Whew. Big day, eh? At 9 a.m., I published IGN's Batman: Arkham Asylum review, a couple hundred kids freaked out in the comments section, and the exclusive Joker Challenge Maps went live on the PlayStation Store this afternoon. That's right; these eight Mr. J missions are only available on the PlayStation 3.
There's been some confusion on just what the exclusive Joker content is, so let's break this down. Right now, there's a free download on the PlayStation Store. When you grab it and pop in Arkham Asylum, you'll have the ability to choose the Joker when you load up the Challenge Mode. Note that you don't play the story as Joker; he's just an option for the challenge maps. Now, these are the same environments as Batman's challenge mode, so if you haven't unlocked one of the first eight challenge maps for Bats, you won't have that map for the Joker. These Joker challenges have there own leaderboards but don't add any new Trophies.
You get'em, puddin'.
If it sounds lame that the maps are the same for Batman and the Joker, I can assure you it is not. The niftiness here is that Joker feels nothing like Batman. His unique moves (lots of crazy kicks), walk (think of a marching band leader), and weapons (exploding chatter teeth) make the experience feel unique, at least to me.
Just like Batman, you're getting two types of missions: fist fighting and sneaking. The fighting is the same thing I described in my review -- there are buttons that strike, reverse, stun, and jump, and you'll use these to link together massive combos to decimate your enemies (Arkham guards and Commissioner Gordon if you're good enough). Thing is, Joker's moves look nothing like those of the Dark Knight. Whereas Batman spoke with stiff ninja kicks and punches, the Joker's more adept with a scrawny high kick or pimp slap. Batman stunned people with his cape, but Mr. J sprays some spraypaint to blind his foes. Batman would acrobatically leap over his opponents, but Joker's packing a simple leapfrog maneuver. Batman could toss out a batarang using a shoulder button, but the Joker's limited to his one-bullet handgun.
Joker's got this springy energy that leads to him jumping on a downed enemy's stomach for a ground takedown, kicking the good guys in the balls for a counter, and more. What's really interesting is the fact that Joker's only got the original health bar of Batman -- no matter how many health upgrades you've unlocked for Bats in the story mode, Joker will be limited in terms of his HP. It makes the challenge that much more… well, challenging. Joker is going to be the mode for people who think they're awesome at these challenges to have all the cool gadgets stripped away and be left to see how good they really are.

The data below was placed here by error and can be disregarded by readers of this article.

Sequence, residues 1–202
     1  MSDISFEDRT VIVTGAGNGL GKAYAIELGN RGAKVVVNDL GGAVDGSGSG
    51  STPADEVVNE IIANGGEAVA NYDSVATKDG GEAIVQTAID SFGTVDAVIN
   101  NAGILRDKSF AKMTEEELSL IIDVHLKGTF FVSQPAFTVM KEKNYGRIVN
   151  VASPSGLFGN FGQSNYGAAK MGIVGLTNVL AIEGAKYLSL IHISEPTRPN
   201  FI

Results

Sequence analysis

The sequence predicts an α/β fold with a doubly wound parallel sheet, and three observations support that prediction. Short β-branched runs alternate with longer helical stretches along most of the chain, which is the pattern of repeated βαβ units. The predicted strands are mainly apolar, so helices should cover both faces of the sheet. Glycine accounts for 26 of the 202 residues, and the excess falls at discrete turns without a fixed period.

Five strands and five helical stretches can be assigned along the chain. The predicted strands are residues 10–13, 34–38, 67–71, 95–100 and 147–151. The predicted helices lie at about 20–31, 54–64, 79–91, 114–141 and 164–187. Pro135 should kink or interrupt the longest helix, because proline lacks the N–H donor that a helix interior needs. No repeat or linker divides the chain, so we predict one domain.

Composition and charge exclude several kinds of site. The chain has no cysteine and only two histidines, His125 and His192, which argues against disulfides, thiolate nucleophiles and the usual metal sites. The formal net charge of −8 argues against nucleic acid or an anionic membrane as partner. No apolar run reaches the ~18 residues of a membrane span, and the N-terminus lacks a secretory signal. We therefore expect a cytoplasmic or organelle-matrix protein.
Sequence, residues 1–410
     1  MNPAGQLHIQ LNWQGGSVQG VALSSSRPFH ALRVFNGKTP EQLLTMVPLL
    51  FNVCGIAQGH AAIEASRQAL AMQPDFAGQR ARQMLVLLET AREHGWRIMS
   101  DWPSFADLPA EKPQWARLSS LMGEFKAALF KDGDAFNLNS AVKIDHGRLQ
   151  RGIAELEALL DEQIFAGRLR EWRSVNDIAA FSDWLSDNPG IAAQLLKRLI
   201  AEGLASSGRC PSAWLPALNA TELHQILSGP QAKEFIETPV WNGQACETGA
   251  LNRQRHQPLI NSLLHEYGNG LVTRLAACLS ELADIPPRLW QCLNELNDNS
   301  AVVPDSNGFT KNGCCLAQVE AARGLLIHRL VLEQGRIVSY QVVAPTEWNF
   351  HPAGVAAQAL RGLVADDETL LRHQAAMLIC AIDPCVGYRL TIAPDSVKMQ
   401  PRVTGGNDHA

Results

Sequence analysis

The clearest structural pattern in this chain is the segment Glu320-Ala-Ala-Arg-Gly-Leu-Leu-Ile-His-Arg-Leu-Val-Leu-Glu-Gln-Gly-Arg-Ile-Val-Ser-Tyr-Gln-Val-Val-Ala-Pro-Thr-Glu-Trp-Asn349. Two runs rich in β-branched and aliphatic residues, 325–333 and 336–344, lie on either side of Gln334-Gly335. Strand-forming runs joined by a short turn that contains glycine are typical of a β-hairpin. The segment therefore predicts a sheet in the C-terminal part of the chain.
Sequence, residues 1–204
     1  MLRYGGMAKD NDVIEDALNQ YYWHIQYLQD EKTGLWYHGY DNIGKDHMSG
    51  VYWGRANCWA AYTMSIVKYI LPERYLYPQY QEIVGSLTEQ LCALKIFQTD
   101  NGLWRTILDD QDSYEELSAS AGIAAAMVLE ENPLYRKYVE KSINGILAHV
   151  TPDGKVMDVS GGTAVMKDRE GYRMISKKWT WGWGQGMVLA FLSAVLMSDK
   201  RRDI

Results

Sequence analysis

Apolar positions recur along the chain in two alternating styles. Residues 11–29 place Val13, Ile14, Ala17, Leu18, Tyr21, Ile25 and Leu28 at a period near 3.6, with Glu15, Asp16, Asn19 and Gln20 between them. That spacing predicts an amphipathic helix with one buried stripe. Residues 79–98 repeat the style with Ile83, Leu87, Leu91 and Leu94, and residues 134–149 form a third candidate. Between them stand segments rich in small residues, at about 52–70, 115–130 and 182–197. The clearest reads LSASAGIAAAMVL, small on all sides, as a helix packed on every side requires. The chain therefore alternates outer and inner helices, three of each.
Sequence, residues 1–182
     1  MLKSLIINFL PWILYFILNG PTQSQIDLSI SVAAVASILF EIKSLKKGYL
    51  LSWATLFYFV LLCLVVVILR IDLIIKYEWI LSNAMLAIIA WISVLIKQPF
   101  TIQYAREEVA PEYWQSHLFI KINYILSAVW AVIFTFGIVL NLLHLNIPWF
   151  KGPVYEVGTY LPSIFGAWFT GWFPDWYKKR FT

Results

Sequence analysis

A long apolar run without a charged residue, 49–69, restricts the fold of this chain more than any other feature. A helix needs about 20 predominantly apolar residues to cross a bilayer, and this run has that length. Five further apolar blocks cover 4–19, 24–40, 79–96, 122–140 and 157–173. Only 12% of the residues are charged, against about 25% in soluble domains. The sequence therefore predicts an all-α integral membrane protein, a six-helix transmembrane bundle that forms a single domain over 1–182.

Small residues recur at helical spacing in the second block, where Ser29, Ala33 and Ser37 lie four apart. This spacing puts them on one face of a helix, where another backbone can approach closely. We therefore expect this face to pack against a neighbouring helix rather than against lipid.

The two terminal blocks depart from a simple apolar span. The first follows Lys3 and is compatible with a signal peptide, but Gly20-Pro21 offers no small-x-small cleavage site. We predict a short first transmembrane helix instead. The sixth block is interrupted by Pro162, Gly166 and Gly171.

Similarly, Invisible Predator mode is a completely different beast as Joker. If you didn't catch the review, here you're dropped into a room filled with gun-toting enemies and challenged to bring them all down as quickly as possible. Now, running in there and trying to take them out face-to-face is suicide -- one guy will fire his gun and soon every other dude will be firing on you. As Batman, winning these modes came down to grappling up to the rafters, taking out a guy, and retreating back to the shadows.
Joker doesn't have that option.
At the green-haired baddie, you'll be up against guards again, but you'll only have that one-shot gun, a pair of x-ray specs to see your enemies, and those remote control exploding teeth. All of that's cool -- the x-ray specs make a classic B-movie noise when you stare through them -- but the lack of being able to grapple in any way drastically changes the game. If you alert a guard, you've got to run to safety and find somewhere to hide; you have to use ladders; and you have to plan your moves even more carefully than you did as Batman.
He won't kill you, just break all your ribs and cave in your chest.
Again, this is way tougher than Batman's challenges, and I love it. Aside from getting even more dynamite dialogue from Mark Hamill, these modes provide a challenge by stripping away the gadgets you've been leaning on the entire game and diminishing your health bar. Joker's ground takedowns take longer to pull off so you'll need to have an eye for when to spring them, his reversals are funny like when he salutes a guy while simultaneously hitting him in the face, and so on.
The long and short of it is that the Joker's addition is a free piece of downloadable content that really changed the way I viewed the challenges. Suddenly, my go-to tactics were gone and I was left on two feet and surrounded by good guys trying to take me down. These modes are a worthy addition to Batman: Arkham Asylum that'll separate the Batmen from the boys.
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